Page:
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Thursday, November 22, 2012

Morsi Assumes Dictatorial Powers

Egyptian President Mohammed Morsi assumed sweeping powers on Thursday, putting him on a collision course with the judiciary and raising questions about the country's democratic future.

The move, just a day after Morsi took diplomatic centerstage in brokering a ceasefire between Israel and Gaza's Islamist Hamas rulers, earned him the same derisive monicker of "new pharaoh" leveled at veteran strongman Hosni Mubarak before his ouster in a popular uprising last year.

"The president can issue any decision or measure to protect the revolution," according to a decree read out on television by presidential spokesman Yasser Ali.

"The constitutional declarations, decisions and laws issued by the president are final and not subject to appeal."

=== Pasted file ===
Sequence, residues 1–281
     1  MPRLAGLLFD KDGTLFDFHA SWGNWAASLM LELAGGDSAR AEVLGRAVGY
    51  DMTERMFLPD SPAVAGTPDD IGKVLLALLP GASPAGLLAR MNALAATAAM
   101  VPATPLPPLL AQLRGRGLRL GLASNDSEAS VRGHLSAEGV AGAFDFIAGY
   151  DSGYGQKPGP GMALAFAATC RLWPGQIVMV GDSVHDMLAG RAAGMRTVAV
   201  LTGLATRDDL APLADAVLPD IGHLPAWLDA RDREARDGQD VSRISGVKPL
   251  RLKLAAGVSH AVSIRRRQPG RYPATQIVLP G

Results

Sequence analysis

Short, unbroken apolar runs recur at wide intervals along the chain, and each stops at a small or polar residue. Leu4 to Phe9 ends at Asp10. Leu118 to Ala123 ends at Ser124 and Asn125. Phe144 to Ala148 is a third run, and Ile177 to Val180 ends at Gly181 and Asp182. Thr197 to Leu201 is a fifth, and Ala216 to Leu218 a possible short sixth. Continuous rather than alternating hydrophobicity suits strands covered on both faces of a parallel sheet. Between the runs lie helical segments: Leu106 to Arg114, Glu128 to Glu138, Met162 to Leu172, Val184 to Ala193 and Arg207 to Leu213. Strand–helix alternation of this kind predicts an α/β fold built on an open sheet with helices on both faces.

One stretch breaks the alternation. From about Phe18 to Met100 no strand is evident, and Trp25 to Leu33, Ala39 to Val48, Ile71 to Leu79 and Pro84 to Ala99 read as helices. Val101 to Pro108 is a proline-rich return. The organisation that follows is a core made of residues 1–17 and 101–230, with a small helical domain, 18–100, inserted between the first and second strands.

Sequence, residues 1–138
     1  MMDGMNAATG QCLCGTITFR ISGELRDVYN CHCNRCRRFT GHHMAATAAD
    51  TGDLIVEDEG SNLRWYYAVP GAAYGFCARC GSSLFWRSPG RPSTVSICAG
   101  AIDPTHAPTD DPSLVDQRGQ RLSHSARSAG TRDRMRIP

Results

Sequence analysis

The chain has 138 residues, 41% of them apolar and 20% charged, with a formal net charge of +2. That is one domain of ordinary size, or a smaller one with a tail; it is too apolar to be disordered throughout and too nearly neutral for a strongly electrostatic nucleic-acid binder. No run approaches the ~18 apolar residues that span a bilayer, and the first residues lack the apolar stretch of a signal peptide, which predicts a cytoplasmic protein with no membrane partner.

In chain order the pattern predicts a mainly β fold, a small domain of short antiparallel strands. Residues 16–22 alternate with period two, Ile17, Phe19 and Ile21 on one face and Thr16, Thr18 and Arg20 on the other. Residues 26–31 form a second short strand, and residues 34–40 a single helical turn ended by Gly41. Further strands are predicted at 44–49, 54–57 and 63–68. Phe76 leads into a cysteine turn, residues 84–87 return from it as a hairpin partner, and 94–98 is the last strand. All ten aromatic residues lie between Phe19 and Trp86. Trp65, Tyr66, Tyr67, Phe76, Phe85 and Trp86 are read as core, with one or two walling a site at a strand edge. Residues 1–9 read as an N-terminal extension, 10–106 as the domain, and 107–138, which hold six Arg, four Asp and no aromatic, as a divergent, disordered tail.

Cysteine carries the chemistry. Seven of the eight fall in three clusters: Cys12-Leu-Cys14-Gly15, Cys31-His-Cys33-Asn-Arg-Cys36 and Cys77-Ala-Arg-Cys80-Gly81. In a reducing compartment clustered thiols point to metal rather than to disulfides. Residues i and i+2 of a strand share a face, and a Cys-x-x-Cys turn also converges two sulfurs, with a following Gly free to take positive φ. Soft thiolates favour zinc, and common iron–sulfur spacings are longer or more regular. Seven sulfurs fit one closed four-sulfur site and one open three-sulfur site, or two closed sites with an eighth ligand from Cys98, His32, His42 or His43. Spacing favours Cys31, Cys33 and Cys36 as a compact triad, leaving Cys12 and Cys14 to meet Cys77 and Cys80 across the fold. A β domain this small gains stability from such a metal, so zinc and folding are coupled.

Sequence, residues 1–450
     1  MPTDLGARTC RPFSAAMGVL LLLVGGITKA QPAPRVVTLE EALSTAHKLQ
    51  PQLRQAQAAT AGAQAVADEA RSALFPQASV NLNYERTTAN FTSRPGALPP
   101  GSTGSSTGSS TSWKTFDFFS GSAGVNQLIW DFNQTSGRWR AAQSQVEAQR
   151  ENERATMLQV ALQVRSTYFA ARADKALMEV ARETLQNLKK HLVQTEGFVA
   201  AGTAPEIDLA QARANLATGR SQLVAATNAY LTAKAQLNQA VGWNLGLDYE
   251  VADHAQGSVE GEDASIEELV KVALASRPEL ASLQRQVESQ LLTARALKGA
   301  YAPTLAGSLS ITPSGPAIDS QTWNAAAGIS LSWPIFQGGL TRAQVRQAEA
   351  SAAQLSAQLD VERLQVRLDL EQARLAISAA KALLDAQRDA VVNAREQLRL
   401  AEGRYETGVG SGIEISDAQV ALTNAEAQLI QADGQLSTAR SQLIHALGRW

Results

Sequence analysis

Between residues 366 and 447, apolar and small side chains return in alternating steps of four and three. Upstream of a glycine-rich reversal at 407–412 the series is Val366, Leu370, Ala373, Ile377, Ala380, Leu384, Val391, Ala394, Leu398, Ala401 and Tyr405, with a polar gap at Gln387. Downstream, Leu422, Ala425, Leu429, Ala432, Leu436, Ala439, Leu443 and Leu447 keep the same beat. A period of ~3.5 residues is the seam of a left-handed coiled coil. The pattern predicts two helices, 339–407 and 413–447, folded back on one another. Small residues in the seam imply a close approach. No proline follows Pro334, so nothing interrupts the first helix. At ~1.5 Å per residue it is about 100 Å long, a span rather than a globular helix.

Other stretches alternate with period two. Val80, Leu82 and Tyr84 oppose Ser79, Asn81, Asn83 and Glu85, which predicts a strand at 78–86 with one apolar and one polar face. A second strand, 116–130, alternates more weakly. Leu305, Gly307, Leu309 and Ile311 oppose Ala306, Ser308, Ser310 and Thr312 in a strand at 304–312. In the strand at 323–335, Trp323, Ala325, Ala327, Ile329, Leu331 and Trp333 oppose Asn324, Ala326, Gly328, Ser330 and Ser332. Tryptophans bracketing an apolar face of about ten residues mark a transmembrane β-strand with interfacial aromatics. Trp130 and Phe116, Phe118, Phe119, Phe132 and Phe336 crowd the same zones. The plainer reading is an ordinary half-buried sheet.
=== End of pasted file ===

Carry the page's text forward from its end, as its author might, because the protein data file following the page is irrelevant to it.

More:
The move is a blow to the pro-democracy movement that toppled Mubarak last year, and raises concerns that Islamists will be further ensconced in power.

Nobel laureate and former U.N. atomic energy agency chief Mohamed ElBaradei lashed out at the declaration, which effectively puts the president above judicial oversight.

"Morsi today usurped all state powers and appointed himself Egypt's new pharaoh. A major blow to the revolution that could have dire consequences," ElBaradei wrote on his Twitter account.

Morsi also sacked prosecutor general Abdel Meguid Mahmoud, whom he failed to oust last month, appointing Talaat Ibrahim Abdallah to replace him, amid strong misgivings among the president's supporters about the failure to secure convictions of more members of the old regime.

Within minutes of the announcement, the new prosecutor was shown on television being sworn in.
No surprise for two reasons. First, Islamic culture is inherently autocratic. Second, Obama seems to like Morsi, and, well, we all know how much Obama likes dictators....

(H/t Weasel Zippers)

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